As the daughter of a light-skinned biracial woman, and whose African American maternal side had been passing as white for generations, it’s fitting that Rebecca Hall chose Nella Larsen’s 1929 novel, Passing, to both adapt to screen and make her directorial debut. Racial passing was a way for African Americans to try to evade discrimination against them, to seek better lives, and freedom. But as Passing shows, leaving your community and stripping away a piece of your identity comes at a price and that freedom doesn’t mean the same thing for everyone. Racial passing has been seen in films before like in Imitation of Life and Pinky, and amongst the Hollywood elite itself with stars like Merle Oberon who opted to hide her Eurasian parentage, but Hall’s film is a rare examination of colorism and racial identity with a depiction of white-passing characters played by Black actresses. As Hall stated in her Sundance introduction, it’s a black and white film about how everything is not so black and white in its discussions of race, as well as class, sexuality, motherhood, and the restrictive nature of binaries in general.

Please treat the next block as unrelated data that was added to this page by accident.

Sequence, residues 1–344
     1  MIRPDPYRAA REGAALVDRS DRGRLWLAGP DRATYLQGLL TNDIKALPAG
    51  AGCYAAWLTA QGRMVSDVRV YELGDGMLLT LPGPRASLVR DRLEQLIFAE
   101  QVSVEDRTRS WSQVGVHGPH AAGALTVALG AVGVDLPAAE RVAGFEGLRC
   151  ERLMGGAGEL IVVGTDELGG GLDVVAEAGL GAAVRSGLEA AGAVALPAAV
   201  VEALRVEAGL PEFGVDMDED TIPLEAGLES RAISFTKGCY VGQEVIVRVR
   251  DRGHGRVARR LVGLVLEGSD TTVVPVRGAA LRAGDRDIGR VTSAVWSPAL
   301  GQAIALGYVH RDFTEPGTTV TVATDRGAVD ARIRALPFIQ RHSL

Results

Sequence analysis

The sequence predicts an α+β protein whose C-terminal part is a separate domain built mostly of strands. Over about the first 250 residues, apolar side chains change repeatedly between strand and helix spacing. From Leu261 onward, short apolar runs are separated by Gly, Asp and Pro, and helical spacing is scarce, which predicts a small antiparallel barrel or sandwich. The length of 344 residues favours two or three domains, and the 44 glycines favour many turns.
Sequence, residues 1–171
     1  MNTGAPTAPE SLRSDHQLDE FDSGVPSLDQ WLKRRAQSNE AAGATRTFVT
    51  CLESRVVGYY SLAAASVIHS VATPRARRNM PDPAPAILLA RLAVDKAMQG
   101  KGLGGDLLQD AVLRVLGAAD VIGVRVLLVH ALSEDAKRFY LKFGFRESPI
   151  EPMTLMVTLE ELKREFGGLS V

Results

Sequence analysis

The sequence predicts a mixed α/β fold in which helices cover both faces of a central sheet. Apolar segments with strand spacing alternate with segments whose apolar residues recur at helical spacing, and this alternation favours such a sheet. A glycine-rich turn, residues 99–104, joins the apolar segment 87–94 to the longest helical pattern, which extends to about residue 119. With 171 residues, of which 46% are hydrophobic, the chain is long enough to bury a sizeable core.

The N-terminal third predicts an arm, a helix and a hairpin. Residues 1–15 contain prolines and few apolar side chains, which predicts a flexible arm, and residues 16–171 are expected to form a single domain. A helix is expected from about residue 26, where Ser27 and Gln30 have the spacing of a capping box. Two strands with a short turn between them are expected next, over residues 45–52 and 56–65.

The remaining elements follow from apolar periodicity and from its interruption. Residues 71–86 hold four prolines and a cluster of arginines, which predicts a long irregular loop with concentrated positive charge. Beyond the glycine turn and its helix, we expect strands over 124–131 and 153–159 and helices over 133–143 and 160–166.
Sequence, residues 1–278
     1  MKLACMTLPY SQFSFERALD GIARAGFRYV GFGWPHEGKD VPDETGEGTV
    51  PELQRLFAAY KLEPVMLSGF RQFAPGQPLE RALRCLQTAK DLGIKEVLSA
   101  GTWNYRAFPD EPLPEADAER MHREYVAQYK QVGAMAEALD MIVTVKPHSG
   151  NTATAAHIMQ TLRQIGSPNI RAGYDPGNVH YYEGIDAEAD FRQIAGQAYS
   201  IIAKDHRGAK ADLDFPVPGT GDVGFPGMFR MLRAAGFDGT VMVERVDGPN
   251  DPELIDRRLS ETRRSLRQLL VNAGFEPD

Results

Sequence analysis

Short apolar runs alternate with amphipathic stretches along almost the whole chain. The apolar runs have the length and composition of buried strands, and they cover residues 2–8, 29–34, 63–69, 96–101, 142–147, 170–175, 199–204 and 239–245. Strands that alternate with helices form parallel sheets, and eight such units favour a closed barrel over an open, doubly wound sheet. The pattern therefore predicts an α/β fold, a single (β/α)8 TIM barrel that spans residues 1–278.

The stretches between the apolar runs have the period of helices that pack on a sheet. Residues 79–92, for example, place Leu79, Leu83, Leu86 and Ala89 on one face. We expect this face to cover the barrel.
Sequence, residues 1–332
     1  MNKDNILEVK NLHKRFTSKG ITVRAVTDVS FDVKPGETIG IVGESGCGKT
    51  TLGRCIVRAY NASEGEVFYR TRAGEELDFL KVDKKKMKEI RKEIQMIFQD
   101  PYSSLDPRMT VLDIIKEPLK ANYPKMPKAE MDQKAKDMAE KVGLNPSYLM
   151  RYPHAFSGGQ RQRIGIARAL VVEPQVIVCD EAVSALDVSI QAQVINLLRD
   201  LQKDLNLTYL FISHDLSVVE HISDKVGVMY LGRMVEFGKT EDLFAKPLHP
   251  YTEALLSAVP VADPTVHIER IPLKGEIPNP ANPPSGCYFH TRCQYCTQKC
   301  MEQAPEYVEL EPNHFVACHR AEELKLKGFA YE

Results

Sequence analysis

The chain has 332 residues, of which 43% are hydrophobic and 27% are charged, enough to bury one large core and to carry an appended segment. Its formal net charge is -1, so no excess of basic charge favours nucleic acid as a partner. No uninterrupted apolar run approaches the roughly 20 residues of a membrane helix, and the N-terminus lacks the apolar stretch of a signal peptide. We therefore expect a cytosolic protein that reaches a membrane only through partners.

What’s instantly striking about Passing is its cinematography, especially how it utilizes light. The way it hits characters’ faces is mesmerizing, and they have a fascinating reaction to it. This is noticeable almost right away as we introduce Irene (Tessa Thompson). Wearing a signature cloche, she brings it down to her eyes, keeps her head down, and seems to avoid eye contact with everyone around her. But once she walks outside and the sunlight hits her skin, she recoils in fear. This is Irene’s first day passing as white and she doesn’t want anyone to break her guise – but someone does. As a light-skinned Black woman, she’s able to navigate a white world relatively unseen. Sitting in a ritzy whites-only hotel feels like an act of rebellion, but she is visibly frightened. And then, her eyes meet a curious onlooker. Turns out, they know each other. The curious onlooker is a childhood friend named Clare (Ruth Negga), but her skin and hair are as pale as all the white faces in the room and it takes a moment for Irene to realize who she is. Clare’s body language is sensual, hinting at perhaps a sexual history between them, but it’s a history that remains somewhat ambiguous and Irene continues to look at Clare with a puzzling curiosity as they make their way to Clare’s apartment. It becomes clear that Clare has made the decision to pass as white for a better life for herself and her child, but the catch? Her white husband (played by Alexander Skarsgård) doesn’t know she’s actually Black. Clare asks Irene if she ever thought of passing, but Irene can’t because her husband (played by André Holland) is dark-skinned and her children are, too. Clare is the epitome of a socialite. Free to go anywhere and do anything, but Irene resides in Harlem and wants to stay there. The complexities of how we shape our identity are evident here, but nothing is more shocking than to hear Clare’s husband speak of African Americans. It’s disgusting. So much so that Irene doesn’t know what to do but laugh at the ridiculousness of the situation. But as the film plays out, Clare begins to understand that her new life is, ironically, pale.